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Shreela Chakrabartty talks about ‘Rock Paper Dice Enter’

Shreela Chakrabartty is a Canadian film-maker born to an Indian freedom fighter father (now Canadian) who she says, “initiated me into chronicling entertaining, history- making stories”.

Shreela began exhibiting short films and documentaries at festivals and for broadcast while working in location sound for other film makers. Notably, she has been credited for location sound effects in Deepa Mehta’s Water.

In this interview for MyBindi, Shreela talks to Shazia Javed about her first feature film Rock Paper Dice Enter (RPDE). Shreela is the Director of RPDE and Co-Produced it with the film’s male lead Kash Gauni. Shreela and Kash will be present for the Mississauga premier of their film on June 6 at Landmark Cinema, Square One.

 

 

 

Why did you choose Rock Paper Dice Enter as your first feature film? What attracted you as a Director to this story? 

Rock Paper Dice Enter began as a conversation with writer/actor Kash Gauni. We were two people on opposite sides of Canada having a passion for storytelling. When he shared the story of a thriller he wrote, Once Upon A Lama, I was hooked.

My first encounter with Kash was nine years back. He got my number from a member of the Toronto industry to help promote his documentary about a Peace Mission on an Indian Naval Ship. I had been involved with local film festivals at that time.

There was limited internet interaction back then so our conversations were as minimal as a couple of phone calls. Full stop. Then social media came and we reconnected two years ago. We had not met in person until more than halfway through the shoot of Rock Paper Dice Enter, though we spoke and texted several times a day.

During those conversations, it became clear that we both wanted to make a film. I felt as though I went all around the world shopping for scripts only to discover that I was talking to the storyteller I had always been looking for. Kash’s story has punch – an audacious plot!

Kash knew me through my sound credits on Deepa Mehta’s film, Water, and other films I had made. He was specifically looking for a woman director to give the film a different treatment from other action thrillers. The plot revolves around a mystery caller that Special Forces can’t trace.

Is it true that RPDE is the first Edmonton made movie to get a commercial release in Canada?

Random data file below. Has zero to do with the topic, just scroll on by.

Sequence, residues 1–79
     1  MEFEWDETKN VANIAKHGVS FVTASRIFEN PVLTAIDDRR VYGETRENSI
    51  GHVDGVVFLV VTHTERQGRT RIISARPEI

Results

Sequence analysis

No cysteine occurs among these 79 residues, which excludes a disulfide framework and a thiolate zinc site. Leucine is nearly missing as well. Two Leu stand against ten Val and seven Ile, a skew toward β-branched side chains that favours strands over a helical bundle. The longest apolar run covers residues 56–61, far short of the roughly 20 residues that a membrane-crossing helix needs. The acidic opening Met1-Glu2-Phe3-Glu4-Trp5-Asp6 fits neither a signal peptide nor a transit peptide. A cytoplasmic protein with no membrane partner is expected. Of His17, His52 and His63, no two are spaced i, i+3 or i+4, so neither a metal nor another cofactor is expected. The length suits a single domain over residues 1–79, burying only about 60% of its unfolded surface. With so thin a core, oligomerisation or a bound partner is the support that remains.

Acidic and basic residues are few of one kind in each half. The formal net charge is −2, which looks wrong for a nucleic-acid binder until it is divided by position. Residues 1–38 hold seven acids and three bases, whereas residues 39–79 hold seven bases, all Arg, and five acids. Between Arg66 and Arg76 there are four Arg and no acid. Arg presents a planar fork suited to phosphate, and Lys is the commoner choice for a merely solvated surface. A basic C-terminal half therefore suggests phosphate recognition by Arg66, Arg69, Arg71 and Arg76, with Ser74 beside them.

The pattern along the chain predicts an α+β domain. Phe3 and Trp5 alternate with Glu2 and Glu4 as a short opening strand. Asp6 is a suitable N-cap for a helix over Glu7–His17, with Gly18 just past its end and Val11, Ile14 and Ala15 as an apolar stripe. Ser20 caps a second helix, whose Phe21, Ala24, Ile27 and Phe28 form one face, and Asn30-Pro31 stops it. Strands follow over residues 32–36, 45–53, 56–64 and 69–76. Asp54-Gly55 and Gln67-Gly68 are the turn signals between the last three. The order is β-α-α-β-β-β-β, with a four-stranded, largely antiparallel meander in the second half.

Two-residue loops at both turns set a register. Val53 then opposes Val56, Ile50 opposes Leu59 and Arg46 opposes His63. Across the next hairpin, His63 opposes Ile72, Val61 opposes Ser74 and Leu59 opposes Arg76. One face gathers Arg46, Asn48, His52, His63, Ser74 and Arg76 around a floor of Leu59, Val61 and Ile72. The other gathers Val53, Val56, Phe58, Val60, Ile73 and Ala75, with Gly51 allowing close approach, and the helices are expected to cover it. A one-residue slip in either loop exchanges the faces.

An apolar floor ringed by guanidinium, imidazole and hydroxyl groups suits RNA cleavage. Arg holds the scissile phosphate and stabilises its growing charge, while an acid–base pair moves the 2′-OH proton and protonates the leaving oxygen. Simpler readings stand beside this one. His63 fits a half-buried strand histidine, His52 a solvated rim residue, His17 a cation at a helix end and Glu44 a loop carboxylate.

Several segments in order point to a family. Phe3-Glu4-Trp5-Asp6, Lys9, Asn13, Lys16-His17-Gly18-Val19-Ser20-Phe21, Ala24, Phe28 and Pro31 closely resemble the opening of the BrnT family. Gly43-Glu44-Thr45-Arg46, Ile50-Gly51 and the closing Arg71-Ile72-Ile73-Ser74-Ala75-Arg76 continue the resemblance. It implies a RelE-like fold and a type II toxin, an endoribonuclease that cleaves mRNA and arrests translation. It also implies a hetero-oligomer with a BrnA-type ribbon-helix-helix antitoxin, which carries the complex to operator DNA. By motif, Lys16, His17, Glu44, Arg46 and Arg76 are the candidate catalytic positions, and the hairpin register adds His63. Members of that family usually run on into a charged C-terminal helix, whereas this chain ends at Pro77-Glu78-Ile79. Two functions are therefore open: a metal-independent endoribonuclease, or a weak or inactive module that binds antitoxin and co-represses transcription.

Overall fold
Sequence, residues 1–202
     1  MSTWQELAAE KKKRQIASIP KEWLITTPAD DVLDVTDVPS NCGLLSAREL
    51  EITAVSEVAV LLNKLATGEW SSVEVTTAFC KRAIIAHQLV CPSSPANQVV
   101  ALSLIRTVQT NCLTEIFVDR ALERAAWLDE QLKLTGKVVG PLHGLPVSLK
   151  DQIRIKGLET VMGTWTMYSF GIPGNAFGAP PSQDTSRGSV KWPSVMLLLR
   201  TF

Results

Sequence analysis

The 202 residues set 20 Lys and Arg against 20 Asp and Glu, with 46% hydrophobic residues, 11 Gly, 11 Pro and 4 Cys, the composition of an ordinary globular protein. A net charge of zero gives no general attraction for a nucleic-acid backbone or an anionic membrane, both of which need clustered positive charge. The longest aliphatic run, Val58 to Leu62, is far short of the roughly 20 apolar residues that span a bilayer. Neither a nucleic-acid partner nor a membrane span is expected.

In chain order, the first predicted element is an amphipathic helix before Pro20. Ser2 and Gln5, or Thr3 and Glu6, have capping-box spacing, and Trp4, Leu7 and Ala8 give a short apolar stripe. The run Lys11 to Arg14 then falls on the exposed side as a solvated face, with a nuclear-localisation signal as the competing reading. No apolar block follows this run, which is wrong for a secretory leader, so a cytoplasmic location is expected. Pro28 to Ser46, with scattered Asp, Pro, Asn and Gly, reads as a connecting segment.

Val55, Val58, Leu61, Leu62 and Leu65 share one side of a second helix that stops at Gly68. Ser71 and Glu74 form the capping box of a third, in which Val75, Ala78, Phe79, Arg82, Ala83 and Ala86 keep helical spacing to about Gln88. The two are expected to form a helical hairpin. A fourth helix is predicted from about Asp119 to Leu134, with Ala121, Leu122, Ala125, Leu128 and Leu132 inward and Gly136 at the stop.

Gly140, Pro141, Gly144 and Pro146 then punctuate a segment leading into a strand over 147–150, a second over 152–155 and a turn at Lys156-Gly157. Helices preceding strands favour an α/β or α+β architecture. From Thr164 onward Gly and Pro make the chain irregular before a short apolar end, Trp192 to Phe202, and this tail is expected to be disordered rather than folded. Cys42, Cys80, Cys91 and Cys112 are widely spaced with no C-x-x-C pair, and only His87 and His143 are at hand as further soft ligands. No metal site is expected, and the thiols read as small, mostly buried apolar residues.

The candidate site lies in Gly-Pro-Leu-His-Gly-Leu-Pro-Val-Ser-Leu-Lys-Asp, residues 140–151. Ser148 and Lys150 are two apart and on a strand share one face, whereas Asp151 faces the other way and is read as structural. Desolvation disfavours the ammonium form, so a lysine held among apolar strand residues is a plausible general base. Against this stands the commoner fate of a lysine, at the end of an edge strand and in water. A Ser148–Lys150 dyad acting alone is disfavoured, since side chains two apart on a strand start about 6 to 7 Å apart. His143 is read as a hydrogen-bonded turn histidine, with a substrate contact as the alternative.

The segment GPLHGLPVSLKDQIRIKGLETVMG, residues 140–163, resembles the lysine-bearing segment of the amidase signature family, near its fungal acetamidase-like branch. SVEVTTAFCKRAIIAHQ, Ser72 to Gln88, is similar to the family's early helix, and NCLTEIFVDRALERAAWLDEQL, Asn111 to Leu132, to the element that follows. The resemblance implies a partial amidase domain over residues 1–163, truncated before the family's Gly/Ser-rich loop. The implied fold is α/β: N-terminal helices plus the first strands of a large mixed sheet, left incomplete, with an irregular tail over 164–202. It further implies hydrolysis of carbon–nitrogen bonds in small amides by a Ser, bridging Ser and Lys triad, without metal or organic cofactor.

Yes, Rock Paper Dice Enter is the first Edmonton made movie, a suspense thriller suitable for family viewing, to be commercially released in theatres worldwide.

Wow! This is no mean feat. How did you accomplish that? What were some of the challenges you faced and how did you overcome them?

The combination of Kash and me completes the circle of where commerce  meets art. We had in hand an intriguing story and around it we built a  model. We started with a business plan, performed a SWOT analysis,  examined our resources, and set our sights for the big screen in  commercial theatres. We began sharing our idea with people we thought  might be interested. Distributors grasped we had something interesting  but no track record. We had to prove ourselves. The challenge of HOW was  solved by answering with WHAT. Working backwards from our big screen  goal and interested distributor, we ramped up the cool factor which came  from creative people in the community and what they could bring to the  table. We had made a conscious decision to bypass festivals. With the  reality that we would get buried under thousands of films, we aimed  straight for commercial theatres because we felt that audiences who go to  movies would enjoy our brand of entertainment. The very visible  demographic shifts of this country naturally come with a growing demand  to have it reflected in our Canadian culture. Our time was now and success  followed.

We found a talented DP from Hollywood and a local music composer who  had built a career around global music licensing and offered to compose  his own music for our film. What further upped the production value of  the film was the fact that Kash was a retired fire fighter and could perform  his own stunts. Clearly, we were in a position to overcome all obstacles.

RPDE was recently released in India by PVR Rare. Were you there to the witness audience response?